The dilemma of a depleted nest egg

It has happened: The protective wall for my investments and bad times has been attacked to a considerable extent for the first time and has been significantly weakened. And this despite the fact that I have had a fairly large safety buffer of well over six months’ salary on the high side in recent years. Fortunately, the reason is not mere consumption.

Although the increased cost of living, especially for food, has had a significant impact on my monthly budget, a miscalculation with regard to back taxes and the associated advance payment to the tax office is the real reason why I recently had to draw on my iron reserve. In the last few years I had a strict and quite high savings rate. Towards the end, it was only financially viable because I was withdrawing money from my overnight accounts on a monthly basis. So I slowly shifted some of my liquid reserves to long-term stock, ETF and crypto investments.

Then came a change of apartment with a kitchen purchase and finally two higher back taxes including prepayments as well as hiring a tax consultant and finally inflation. Now the nest egg is considerably smaller – how will I proceed?

Three options become two

Soberly considered, there are actually only three options: Replenish the nest egg as quickly as possible, do it slowly over many months, or just leave it alone. The latter should never be the solution, because a nest egg provides the saver with a certain amount of leeway, with the help of which he can compensate for unplanned expenses and purchases, but also for a possible job loss, without having to access his securities account, which would cause unnecessary costs or even mean the realization of losses.

Such a safety buffer lets one sleep better and go through everyday life more easily. A nest egg means a bit of quality of life and freedom.

So the only option is to rebuild the nest egg, and better yesterday than tomorrow. Life can never be completely planned. Tomorrow, the next financial problem may come up, and it may no longer be easy to pay for it out of petty cash. The faster the nest egg is replenished, the shorter the period in which unforeseen expenses can catch you on the wrong foot.

Whether fast or slow, in both cases the savings rate for stocks, ETFs and cryptocurrencies must be reduced in order to be able to service the additional rate for the nest egg from the monthly income cash flow. So wealth accumulation is slowed down. I can acquire less passive income. This hurts, but is the only right decision to avoid even greater pain later.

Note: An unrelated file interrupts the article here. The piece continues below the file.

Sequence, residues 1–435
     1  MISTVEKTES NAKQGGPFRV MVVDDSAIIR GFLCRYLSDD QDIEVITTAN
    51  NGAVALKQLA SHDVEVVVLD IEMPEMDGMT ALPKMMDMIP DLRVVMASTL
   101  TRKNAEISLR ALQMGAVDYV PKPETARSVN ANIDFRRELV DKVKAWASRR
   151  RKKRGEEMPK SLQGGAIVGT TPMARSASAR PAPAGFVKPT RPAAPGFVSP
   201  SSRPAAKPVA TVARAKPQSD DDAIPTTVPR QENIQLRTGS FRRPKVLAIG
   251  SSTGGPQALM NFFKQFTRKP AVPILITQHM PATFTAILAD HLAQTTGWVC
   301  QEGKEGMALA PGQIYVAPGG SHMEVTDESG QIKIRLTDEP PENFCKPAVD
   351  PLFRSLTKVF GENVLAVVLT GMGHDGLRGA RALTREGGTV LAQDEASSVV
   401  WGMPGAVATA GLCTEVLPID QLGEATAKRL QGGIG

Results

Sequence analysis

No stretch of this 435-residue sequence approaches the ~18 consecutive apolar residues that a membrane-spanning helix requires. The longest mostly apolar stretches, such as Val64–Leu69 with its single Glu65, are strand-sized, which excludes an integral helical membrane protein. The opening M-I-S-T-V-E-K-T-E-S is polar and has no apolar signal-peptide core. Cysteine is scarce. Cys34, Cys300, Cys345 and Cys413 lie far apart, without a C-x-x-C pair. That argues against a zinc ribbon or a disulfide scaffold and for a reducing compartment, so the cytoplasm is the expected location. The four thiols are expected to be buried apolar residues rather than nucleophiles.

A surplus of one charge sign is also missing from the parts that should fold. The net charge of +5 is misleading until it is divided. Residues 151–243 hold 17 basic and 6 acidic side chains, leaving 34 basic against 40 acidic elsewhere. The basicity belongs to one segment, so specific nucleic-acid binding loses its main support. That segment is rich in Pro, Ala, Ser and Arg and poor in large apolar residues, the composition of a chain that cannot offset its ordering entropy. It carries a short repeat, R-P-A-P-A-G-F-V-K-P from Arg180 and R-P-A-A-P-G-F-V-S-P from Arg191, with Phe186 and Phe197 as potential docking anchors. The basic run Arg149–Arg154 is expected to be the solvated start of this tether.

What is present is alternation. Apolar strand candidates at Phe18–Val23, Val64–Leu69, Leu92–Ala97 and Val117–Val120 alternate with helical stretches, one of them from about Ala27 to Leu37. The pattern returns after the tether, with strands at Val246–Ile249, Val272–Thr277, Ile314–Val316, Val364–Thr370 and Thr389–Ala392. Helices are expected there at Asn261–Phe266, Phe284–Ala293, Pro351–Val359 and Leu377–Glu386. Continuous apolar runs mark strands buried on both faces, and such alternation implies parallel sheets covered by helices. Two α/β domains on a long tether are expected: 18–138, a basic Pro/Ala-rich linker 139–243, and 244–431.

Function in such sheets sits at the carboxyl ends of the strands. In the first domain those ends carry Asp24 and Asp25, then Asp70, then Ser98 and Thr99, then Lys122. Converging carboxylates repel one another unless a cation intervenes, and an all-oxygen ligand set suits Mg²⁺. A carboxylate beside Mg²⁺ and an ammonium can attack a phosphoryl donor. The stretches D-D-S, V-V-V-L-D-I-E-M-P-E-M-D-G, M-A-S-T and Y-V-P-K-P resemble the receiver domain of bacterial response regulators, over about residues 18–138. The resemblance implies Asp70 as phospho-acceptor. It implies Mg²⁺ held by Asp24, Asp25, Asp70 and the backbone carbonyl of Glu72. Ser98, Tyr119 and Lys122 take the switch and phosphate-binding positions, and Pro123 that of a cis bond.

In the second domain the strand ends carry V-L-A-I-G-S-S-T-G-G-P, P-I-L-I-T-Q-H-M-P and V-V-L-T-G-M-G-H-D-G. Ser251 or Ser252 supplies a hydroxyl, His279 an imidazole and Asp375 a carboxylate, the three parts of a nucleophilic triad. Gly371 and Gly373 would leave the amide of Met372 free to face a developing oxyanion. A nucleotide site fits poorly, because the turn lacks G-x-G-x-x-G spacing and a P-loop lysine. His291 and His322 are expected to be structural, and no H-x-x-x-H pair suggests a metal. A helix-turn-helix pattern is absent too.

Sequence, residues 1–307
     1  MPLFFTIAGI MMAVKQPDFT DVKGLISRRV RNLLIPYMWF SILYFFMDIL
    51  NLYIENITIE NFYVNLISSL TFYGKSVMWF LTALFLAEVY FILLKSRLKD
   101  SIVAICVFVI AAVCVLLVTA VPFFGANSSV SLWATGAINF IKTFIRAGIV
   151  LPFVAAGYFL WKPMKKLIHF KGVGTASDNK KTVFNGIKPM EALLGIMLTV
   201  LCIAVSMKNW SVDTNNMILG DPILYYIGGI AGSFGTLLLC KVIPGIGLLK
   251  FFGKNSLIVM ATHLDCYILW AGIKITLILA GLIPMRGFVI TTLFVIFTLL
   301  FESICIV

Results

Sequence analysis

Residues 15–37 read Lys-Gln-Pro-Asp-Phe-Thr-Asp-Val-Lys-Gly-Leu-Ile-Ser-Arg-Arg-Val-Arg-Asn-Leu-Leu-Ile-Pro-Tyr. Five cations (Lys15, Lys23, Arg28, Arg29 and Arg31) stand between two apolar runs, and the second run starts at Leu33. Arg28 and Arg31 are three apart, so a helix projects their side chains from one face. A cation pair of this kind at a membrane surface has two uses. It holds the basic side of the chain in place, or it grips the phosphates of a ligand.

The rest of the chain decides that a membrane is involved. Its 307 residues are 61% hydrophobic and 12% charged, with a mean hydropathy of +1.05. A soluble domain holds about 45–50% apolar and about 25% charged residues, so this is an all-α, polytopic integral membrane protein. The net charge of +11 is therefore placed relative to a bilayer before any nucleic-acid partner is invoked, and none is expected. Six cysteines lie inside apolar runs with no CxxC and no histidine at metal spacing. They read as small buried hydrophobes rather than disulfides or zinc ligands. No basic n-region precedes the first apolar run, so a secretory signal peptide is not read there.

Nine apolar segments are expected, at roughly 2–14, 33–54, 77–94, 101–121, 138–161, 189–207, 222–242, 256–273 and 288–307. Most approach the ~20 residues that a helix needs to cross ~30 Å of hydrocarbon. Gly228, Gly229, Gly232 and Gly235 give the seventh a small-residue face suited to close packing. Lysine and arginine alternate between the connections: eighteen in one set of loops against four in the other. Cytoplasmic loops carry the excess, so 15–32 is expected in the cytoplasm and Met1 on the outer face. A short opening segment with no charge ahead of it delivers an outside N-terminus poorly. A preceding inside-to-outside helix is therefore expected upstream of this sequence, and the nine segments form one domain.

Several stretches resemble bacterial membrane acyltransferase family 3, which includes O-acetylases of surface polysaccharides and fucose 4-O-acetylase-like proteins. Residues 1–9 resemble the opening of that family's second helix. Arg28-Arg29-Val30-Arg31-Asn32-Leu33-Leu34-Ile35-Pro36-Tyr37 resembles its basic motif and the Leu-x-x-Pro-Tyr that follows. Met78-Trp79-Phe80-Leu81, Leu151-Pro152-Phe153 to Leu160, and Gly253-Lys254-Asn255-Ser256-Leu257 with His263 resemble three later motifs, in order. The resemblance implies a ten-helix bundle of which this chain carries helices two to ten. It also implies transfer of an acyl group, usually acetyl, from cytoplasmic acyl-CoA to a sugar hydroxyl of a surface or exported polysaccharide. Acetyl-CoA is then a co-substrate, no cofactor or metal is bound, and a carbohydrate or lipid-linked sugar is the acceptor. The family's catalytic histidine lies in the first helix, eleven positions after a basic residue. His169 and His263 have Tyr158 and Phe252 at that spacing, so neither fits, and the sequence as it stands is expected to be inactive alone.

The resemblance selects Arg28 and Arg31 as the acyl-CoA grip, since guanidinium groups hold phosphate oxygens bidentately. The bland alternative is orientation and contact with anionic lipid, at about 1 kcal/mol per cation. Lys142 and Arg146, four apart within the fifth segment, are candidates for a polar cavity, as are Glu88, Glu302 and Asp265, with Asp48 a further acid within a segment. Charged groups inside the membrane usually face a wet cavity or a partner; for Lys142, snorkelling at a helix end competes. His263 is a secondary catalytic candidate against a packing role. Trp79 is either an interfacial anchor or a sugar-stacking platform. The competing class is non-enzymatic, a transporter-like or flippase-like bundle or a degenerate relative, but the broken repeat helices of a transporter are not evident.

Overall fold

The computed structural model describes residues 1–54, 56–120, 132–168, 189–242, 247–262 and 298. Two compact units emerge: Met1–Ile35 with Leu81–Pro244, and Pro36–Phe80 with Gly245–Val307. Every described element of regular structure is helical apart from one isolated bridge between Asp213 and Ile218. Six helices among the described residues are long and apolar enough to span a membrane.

Delaying through cashback and credit card tricks

I realized that the reserves needed to be tapped even before the actual tax bill was issued. Not only did I delay payment, but I also used tricks to make as much return on my nest egg as possible for as long as possible. I used my credit cards to pay the IRS or just to pay the next credit card bill. At the same time, I was earning cash back and interest. To avoid interest charges, I couldn’t afford to make any mistakes in the transfers. Discipline and an overview were basic requirements.

To put it plainly: I could have paid the tax office and the credit cards via my nest egg at any time – but I didn’t want to. Over the last few weeks, however, the monthly transfers became too stressful for me and I decided to give away some of my liquidity at the expense of the nest egg. Over the next few months, I plan to rebuild my nest egg by adjusting the savings rate again on a regular basis.

The bottom line is that once you’ve had to tap into your nest egg, you should replenish it as quickly as possible, but you’ll have to reduce your savings rates in long-term investments to do so. This hurts, but it is the only sensible decision to be able to easily cope with unforeseeable expenses in the future.

Andreas Stegmüller

Andreas is the founder and operator of this blog. During his more than ten-year editorial career, he has written for several major media outlets on a wide variety of topics. The stock market has been his passion since 2016.

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